Home Virginia O line coach Terry Heffernan looks to build unit’s depth, versatility

Virginia O line coach Terry Heffernan looks to build unit’s depth, versatility

Chris Graham
uva offensive line
Photo: UVA Athletics

The O line has been the weak point for Tony Elliott’s Virginia football team in Years 1 and 2. It could be a strength for his team in Year 3.

“We’ve got to build off of last year, which is good, being able to, you know, have that experience, carry it into the spring, learn a bunch of lessons from our defense in the spring, and how we want to do things better, take it into the summer, and then hit the ground running a lot quicker than we did a year ago,” Elliott’s offensive-line coach, Terry Heffernan, told reporters last week.

Heffernan took over as O line coach ahead of the 2023 spring practice, so his focus at the outset was on getting to know his guys and implementing his approach to offensive-line play.

Because he has a lot back from his 2023 unit, the 2024 spring is not so much about getting everybody up to speed as much as trying to build toward the fall.

The one limitation on the line this spring is injuries to projected starters Brian Stevens, McKale Boley and Ty Furnish, but Heffernan is spinning the injuries as opportunities for younger guys to get reps that they might not have gotten if the veterans were around.

“There’s a ton of opportunity out there, and it’s about competition,” Heffernan said. “We didn’t play well enough as an offensive line to say, we’re gonna roll this unit out. Right now, we are far, far, far from naming starters. We’ve got a ton of competition amongst the guys that are going to show us who’s gonna go out in the field first in the opener.”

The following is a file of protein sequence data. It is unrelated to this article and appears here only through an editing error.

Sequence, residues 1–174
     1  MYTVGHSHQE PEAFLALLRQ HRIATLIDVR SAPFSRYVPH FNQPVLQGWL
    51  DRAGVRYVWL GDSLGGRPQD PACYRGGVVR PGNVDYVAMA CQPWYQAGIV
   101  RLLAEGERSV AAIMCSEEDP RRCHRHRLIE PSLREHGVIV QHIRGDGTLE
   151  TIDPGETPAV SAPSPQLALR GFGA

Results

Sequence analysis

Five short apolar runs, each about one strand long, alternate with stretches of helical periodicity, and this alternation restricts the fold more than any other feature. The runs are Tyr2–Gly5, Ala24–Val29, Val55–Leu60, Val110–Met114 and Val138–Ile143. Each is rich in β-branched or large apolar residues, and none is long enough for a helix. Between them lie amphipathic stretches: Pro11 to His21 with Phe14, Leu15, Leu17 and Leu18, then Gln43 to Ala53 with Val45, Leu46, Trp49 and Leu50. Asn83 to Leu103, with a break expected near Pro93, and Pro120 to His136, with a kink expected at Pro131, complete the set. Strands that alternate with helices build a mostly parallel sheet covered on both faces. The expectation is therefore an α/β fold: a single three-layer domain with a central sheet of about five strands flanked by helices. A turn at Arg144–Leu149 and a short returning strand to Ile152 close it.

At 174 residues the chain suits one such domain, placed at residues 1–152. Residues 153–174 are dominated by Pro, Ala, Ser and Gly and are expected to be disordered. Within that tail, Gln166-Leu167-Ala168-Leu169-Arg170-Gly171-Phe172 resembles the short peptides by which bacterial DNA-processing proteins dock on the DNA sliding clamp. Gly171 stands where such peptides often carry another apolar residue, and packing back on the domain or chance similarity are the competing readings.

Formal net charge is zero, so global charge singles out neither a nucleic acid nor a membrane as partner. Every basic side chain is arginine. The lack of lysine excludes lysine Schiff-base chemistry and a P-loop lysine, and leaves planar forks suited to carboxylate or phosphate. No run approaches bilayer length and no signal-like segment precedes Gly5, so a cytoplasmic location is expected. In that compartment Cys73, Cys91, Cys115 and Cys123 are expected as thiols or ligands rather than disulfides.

That’s good coach-speak, but, OK, let’s be real, Stevens, who, in 2023, played 869 snaps, with a 77.1 Pro Football Focus grade, is the starter at center, and you can write his name on the card with a Sharpie.

Stevens’ PFF grade was tops on the unit, and on 473 pass dropbacks, he allowed a starters-low one sack and nine total QB pressures.

With Stevens back at center, Virginia will have seven guys from its 2023 O line who got at least 100 snaps.

The left side of the line will return left guard Noah Josey (870 snaps, three sacks, 23 QB pressures, 63.5 PFF grade) and Boley (847 snaps, two sacks, 18 QB pressures, 62.8 PFF grade) at left tackle.

The right side returns Furnish (772 snaps, four sacks, 28 QB pressures, 47.9 PFF grade) at right guard, and three guys who split the snaps at right tackle – Blake Steen (466 snaps, six snaps, 18 QB pressures, 52.2 PFF grade), Ugonna Nnanna (382 snaps, eight sacks, 17 QB pressures, 41.7 PFF grade) and Jimmy Christ (146 snaps, one sack, eight QB pressures, 41.6 PFF grade).

The transfer portal brought in depth in the form of Drake Metcalf, a transfer from Central Florida by way of Stanford, where he played for two seasons under Heffernan.

Metcalf has primarily played at center in his three college seasons, logging 200 snaps at center at Central Florida in 2023 – allowing one sack and two total QB pressures on 90 pass dropbacks, with a 63.0 PFF grade.

Having another guy who can play at center – Stevens started the last 10 games in 2023 at center, taking over for Furnish, who started at center in the first two games of the season – is great for depth.

Heffernan has been focusing this spring on cross-training his guys to be able to play multiple positions, the aim being to add to the depth and versatility of his unit.

“There’s a couple attributes we really look for. The first is availability, you’re healthy, and you can go, and two is versatility,” Heffernan said. “The more you can do, the more valuable you can be to the team. I think being able to get, my goal as O line coach is to put our best five players out there. And if you got guys that can only play left guard, and your two of your top five are left guards, that’s not good. So, I want to keep guys moving around. I think it helps them to learn the offense and the other positions overall. And it challenges them. You never know when somebody’s going to stub their toe or the shoe is going to come off, and somebody’s got to run in for a critical play.”

Chris Graham

Chris Graham

Chris Graham is the founder and editor of Augusta Free Press. A 1994 alum of the University of Virginia, Chris is the author and co-author of seven books, including Poverty of Imagination, a memoir published in 2019, and Team of Destiny: Inside Virginia Basketball’s Run to the 2019 National Championship, and The Worst Wrestling Pay-Per-View Ever, published in 2018. For his commentaries on news, sports and politics, go to his YouTube page, or subscribe to his Street Knowledge podcast. Email Chris at [email protected].